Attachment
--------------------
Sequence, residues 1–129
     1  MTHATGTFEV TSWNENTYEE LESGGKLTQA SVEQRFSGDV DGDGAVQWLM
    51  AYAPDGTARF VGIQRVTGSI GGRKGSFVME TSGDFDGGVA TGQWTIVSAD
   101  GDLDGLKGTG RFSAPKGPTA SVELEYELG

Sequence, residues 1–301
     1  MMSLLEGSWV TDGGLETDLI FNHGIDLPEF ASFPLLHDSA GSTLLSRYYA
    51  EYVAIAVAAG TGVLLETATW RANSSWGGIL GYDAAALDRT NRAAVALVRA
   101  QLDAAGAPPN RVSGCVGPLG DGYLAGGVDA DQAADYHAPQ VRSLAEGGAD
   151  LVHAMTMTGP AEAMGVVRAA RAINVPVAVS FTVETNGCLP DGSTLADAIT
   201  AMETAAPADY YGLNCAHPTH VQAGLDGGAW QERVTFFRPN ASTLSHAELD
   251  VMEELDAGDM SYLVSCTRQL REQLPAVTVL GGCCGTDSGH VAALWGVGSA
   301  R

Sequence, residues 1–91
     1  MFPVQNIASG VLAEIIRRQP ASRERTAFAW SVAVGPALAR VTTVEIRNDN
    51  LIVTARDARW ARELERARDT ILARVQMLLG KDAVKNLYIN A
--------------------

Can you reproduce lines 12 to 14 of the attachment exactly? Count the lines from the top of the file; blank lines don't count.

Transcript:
   301  R

Sequence, residues 1–91
     1  MFPVQNIASG VLAEIIRRQP ASRERTAFAW SVAVGPALAR VTTVEIRNDN